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Simple Jury Persuasion: When does the expert witness need to be prepared?

Friday, June 24, 2011
posted by Rita Handrich

Expert witnesses often think they don’t need to be “prepared” and that “preparation” is a sort of insult to their professionalism.  “I’ve testified 100 times; trust me, I know the drill”. In truth, experts often need more preparation than fact witnesses and it is exactly because of their professional status. It isn’t about the expert’s knowledge. It’s about the jury’s need to understand what the expert is saying as well as the attitudes individual jurors often have about expert witnesses.

We often hear jurors talking about experts as “hired guns”, “full of themselves” academics whose testimony jurors don’t understand, and as “salespersons” who are overly aggressive. These attitudes can be overcome with some straightforward witness preparation strategies to help the expert communicate at a level that makes sense to and is credible with jurors. These strategies go a long ways toward making your expert optimally persuasive.

Understand when the ‘hired gun effect’ is triggered

Jurors seeing an expert witness as a hired gun is most likely to happen when the testimony is complex and not easy to process. But! The effect disappears when testimony is presented in a language jurors can understand. We often see experts who want to be listened to simply because they are experts. That won’t work.

Being an expert versus being a teacher

The most important thing you can do as you prepare an expert witness is to help them change from being a college professor to being a really good 7th grade teacher. If the evidence is complex, you need basic instruction in life science, not instruction for an advanced student in cellular microbiology. Help the witness see this as something very different from “dumbing down” expert testimony. Rather, you are teaching it to novices in a way they can understand, to help them evaluate evidence as it is presented.

An advocate for the truth, not for a litigant

An effective expert witness doesn’t advocate for one side or the other. A matter-of-fact presentation of information and evidence is best. Keep it conversational—like show and tell.  Lectures from experts draw objections from opposing counsel, but more importantly they bore jurors.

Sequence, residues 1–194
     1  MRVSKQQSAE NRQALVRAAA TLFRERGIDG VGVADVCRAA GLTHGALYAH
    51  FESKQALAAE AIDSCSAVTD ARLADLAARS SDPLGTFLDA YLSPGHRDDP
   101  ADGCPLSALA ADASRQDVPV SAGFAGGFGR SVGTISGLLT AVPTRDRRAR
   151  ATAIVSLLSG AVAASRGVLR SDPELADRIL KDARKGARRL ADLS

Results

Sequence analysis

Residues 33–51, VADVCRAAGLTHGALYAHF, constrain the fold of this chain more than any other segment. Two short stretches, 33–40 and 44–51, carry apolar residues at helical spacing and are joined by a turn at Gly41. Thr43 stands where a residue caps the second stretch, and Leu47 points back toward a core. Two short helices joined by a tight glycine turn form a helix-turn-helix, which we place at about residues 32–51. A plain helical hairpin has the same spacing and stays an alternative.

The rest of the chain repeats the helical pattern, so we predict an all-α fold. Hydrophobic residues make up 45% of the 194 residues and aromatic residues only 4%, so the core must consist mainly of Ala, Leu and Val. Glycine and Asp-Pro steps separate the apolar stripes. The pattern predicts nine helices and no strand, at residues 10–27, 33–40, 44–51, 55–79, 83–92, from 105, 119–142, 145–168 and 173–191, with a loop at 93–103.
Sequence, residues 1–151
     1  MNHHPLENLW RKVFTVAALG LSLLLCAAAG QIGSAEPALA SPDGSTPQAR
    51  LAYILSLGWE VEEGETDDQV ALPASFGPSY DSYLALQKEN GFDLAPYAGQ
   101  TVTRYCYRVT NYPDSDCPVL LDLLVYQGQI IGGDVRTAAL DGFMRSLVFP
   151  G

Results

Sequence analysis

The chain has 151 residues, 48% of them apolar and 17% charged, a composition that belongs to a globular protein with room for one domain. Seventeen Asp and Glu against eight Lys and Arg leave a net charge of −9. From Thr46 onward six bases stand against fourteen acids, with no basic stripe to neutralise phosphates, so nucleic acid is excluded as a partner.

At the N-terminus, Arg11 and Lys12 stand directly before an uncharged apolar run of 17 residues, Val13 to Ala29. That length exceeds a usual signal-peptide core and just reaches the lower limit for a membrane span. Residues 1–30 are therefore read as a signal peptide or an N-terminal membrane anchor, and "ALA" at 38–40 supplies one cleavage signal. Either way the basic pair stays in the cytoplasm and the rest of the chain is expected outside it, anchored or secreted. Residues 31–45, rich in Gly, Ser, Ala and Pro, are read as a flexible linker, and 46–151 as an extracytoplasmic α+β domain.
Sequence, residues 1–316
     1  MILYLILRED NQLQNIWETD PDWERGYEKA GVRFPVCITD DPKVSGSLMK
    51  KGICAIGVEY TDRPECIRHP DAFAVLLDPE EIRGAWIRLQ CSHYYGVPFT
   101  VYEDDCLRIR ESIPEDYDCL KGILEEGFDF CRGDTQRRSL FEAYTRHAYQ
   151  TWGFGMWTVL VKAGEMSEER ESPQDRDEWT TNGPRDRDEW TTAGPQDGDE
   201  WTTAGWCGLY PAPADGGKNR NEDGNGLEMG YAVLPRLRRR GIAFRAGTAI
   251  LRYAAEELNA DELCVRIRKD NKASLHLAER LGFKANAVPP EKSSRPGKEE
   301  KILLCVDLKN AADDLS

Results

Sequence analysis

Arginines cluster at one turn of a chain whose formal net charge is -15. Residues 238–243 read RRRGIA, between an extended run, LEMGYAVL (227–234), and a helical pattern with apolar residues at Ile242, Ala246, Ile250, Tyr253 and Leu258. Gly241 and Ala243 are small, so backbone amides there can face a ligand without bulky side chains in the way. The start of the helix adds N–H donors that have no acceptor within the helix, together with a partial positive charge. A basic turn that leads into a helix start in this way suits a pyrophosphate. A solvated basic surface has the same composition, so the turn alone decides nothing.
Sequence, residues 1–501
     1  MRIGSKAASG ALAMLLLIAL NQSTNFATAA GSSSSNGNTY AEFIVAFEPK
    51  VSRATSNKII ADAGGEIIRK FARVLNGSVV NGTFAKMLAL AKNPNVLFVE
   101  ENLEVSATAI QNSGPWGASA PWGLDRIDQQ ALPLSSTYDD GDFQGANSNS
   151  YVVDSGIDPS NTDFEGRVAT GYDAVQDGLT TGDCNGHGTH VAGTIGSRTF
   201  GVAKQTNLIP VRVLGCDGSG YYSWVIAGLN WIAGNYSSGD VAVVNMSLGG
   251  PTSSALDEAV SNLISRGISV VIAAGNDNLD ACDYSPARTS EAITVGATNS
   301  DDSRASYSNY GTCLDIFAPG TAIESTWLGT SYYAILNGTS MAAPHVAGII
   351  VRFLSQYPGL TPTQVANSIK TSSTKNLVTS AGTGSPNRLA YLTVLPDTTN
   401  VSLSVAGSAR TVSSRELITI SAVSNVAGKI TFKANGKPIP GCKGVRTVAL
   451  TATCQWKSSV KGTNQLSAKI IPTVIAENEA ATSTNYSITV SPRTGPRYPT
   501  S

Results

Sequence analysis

For the attorney: Never ask the expert witness “would you tell the jury…”. Instead use language to show you are in this together with the jurors—“would you tell US” about it.

If your expert is anxious about testifying, they may do well to read the Dvoskin & Guy article cited below. Two excerpts exemplify the content:

“By simply answering questions honestly, telling the court what we know, how we know it, and what we do not know, we will not only abide by our legal oath to be truthful, but also will maintain the credibility that is ultimately the only asset for which we get paid.” (p 202)

“Ironically, declaring one’s ignorance is the pinnacle of credibility. In our experience, jurors are most likely to believe experts who are willing to admit their limitations and ignorance.” (p 209)

These strategies may seem simple but they will go a long ways toward disposing jurors favorably toward your expert witness and thus toward your case. And that’s what you pay the expert witness for—credibility, competence and character.

 

Dvoskin, J.A., & Guy, L.S. (2008). On being an expert witness: It’s not about you. Psychiatry, Psychology and Law, 15 (2)

Cooper, J., & Neuhaus, IM. (2000). The ‘hired gun’ effect: Assessing the effect of pay, frequency of testifying and credentials on the perception of expert testimony. Law and Human Behavior, 149

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